Panel, 'Lost in the crowd 2', metal, designed and made by Pierre Cavalan, Sydney, New South Wales, Australia, 2007
French-Australian jeweller, Pierre Cavalan (born 1954) is committed to exploring the many possibilities that come from working with recycled materials. Badges, buttons, medals, imitation gemstones, fragments of costume jewellery and metal cast-offs have all been incorporated into his work, which has won several major awards and commissions. His practice reflects not only his attitude towards recycling and sustainability but also his deep appreciation for the history of the materials that he uses.
This piece, titled 'Lost in the Crowd 2', is from his current series of panels assembled from recycled metal fragments that are impressed with stylised faces bearing different expressions. The work comments on the many individual attitudes and philosophies that contribute to society. Cavalan first began to work in this style in 1999, inspired by the paintings of his father-in-law, Phillip Martin, that represent a neutral and universal human face. His series progressed further when his bracelets of interlinking metal faces were photographed side by side. The image encouraged him to create a similar layered effect on panels.
For Cavalan, working with recycled materials helps him overcome what he calls 'the white page syndrome' - the uncertainty of how to begin a work on a blank page. Ready-made materials provide him with a creative starting point, allowing him to explore ways in which to experiment with texture and to transform the mundane and everyday. His favourite material is pastel-coloured anodised aluminium, often found on fridges, freezers and hi-fi systems of the 1960s and 70s. He also uses street signs, number plates, cutlery, baking trays, biscuit tins, teapots and other items purchased by the kilo from scrap-metal merchants or collected from opportunity shops and footpaths around Sydney. He recycles any material that he does not use.
Cavalan makes his panels at his workshop in a converted Streets ice-cream factory in Turrella, Sydney, which he shares with other artists. He also operates a private workshop in Glebe where he makes his jewellery.
French-Australian jeweller, Pierre Cavalan, made this decorative panel, titled 'Lost in the Crowd II', at his studio in Turrella, Sydney, in 2007. The piece is part of an ongoing series of work made from recycled metal plates embossed with faces bearing different, stylised expressions.
For many years Cavalan has worked almost exclusively with recycled materials, making jewellery from badges, buttons, imitation gemstones and an array of other discarded pieces. He sourced the metal within this series from scrap-metal merchants, second-hand shops and Sydney roadsides, selling and recycling anything that he did not use. He has a remarkable memory of the origin of each piece, whether it comes from an electroplated nickel silver tray, a baking tray, a biscuit tin, a teapot, a street sign or a number plate, which demonstrates his appreciation for the materials he uses.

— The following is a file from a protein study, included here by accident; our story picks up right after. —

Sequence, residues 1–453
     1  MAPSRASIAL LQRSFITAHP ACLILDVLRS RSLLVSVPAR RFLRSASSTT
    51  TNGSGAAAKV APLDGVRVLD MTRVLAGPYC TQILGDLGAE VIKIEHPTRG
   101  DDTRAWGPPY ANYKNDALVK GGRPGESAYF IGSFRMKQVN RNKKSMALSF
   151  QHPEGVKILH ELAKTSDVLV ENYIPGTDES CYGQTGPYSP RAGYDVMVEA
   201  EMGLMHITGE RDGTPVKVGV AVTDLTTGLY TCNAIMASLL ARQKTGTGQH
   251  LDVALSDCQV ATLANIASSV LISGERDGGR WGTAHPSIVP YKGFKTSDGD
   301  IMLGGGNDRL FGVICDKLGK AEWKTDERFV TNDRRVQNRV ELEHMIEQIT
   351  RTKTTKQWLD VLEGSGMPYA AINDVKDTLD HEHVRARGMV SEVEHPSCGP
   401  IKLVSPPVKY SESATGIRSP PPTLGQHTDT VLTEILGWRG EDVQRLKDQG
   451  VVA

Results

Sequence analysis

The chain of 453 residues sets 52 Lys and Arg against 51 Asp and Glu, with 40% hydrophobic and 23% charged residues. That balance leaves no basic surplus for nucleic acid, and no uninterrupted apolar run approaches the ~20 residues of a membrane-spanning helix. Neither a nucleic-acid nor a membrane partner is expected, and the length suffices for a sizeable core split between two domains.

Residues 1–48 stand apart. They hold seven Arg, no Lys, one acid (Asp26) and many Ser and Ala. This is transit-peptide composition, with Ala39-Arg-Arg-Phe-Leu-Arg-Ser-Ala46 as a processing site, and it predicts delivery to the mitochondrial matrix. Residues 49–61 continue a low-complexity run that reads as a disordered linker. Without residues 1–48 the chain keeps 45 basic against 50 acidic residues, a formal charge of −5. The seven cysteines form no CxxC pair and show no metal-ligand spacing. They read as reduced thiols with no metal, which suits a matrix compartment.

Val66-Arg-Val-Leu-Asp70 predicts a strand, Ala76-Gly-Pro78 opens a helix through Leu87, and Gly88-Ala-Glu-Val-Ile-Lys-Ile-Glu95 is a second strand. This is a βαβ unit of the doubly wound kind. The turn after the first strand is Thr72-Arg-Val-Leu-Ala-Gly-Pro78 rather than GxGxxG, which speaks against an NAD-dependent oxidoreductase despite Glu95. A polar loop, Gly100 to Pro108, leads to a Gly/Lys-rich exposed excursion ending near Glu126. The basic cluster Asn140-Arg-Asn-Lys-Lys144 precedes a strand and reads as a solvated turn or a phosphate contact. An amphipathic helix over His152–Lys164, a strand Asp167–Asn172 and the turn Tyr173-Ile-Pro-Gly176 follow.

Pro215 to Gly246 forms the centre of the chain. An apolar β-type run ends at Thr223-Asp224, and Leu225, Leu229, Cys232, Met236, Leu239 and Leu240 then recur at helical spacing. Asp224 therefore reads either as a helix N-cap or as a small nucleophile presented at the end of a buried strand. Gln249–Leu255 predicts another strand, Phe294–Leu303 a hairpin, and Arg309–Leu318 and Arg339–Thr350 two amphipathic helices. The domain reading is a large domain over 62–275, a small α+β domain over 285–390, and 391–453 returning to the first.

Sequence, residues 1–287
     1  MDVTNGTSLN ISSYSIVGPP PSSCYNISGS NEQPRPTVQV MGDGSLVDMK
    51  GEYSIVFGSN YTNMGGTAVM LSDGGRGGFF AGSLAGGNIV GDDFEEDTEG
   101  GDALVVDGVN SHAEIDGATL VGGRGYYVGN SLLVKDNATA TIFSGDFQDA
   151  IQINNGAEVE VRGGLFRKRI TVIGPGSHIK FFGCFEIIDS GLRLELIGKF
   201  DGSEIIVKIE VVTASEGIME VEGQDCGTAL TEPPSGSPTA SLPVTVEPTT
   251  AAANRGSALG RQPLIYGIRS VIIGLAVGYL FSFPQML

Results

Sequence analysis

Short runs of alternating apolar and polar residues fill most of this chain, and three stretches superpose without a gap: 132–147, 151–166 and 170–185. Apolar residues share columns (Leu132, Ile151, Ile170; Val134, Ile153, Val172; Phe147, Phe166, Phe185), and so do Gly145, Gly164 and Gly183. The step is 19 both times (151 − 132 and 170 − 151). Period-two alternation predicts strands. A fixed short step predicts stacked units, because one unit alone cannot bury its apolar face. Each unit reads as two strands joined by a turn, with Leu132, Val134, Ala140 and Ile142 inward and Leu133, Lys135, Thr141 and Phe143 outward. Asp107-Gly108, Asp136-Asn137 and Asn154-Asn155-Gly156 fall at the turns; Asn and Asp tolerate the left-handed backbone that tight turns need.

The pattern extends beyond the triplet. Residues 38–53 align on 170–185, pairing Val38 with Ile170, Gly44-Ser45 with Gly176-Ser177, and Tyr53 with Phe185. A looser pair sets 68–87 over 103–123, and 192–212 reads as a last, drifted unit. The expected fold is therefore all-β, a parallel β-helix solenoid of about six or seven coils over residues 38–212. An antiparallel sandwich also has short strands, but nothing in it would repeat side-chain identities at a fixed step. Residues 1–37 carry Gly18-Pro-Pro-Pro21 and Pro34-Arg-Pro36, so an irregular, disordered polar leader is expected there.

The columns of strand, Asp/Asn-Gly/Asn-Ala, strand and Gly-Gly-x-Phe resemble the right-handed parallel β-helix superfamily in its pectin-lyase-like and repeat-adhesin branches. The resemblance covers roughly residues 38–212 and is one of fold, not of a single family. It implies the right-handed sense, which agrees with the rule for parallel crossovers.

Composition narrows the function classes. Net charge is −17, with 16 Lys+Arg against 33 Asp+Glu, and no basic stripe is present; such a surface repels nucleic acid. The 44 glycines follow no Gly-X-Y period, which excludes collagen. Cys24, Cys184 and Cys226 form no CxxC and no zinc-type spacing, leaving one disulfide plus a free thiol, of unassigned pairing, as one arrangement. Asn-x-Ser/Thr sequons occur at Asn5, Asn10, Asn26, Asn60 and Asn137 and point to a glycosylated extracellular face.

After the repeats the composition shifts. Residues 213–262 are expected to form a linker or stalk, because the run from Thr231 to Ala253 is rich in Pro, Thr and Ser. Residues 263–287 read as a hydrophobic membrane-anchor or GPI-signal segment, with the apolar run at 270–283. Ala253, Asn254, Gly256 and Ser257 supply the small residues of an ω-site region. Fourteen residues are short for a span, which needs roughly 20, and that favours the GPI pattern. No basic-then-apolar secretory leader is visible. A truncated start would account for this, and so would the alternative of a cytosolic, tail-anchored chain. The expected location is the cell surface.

To begin the production process, Cavalan flattens the metal and cuts it to size with a guillotine. He assembles screws, nails or wire into a facial configuration and uses a 20-tonne hydraulic press to emboss the design into the cut metal. He repeats the process until he fills a shoe box with the plates and then begins to arrange the composition. For Cavalan, this is the most creative and enjoyable stage in the production process as it enables him to experiment with colour, texture and scale.
Since beginning the series in 1999, Cavalan has refined the process and has moved to working exclusively with metals that will withstand humidity and other environmental conditions. In some instances he has recycled old artworks into new ones, including an award-winning panel from 2002 that he disassembled and re-worked into new pieces, including 'Lost in the Crowd II'. The frame surrounding the decorative panel appears to have been reused from another artwork.
Born in France in 1954, Pierre Cavalan arrived in Darwin via Portuguese Timor on 22 December 1974, three days before Cyclone Tracy struck the city. Returning to France, he graduated from the Parisienne jewellery school, BJO (Bijouterie, Joaillerie, Orfèvrerie), in 1979 and then worked for Sydney jeweller, Russel McColough, from 1980 to 1985. Since then he has held teaching positions in the United States and at the Enmore School of Design, Sydney.
Cavalan's work is held in a number of Australian and international public collections that include the Imperial War Museum in London, the Museum of Arts and Design in New York, the Museum of Fine Arts in Houston, the State Library of Queensland and the National Museum of Australia. In 1990, the Powerhouse Museum acquired two of his brooches, 'Wedding' and 'Widows Group', which are both made from mixed media (Powerhouse Museum object numbers 90/524 and 90/525).
In 2002 Cavalan won first prize in Junk Love, an annual competition for sustainable art and design sponsored by Reverse Garbage Cooperative Ltd in Marrickville, Sydney. His winning panel, which measured 175 x 110 centimetres, was disassembled and its pieces reused in later artworks, including 'Lost in the Crowd 2'. Cavalan frequently recycles his artwork in this manner.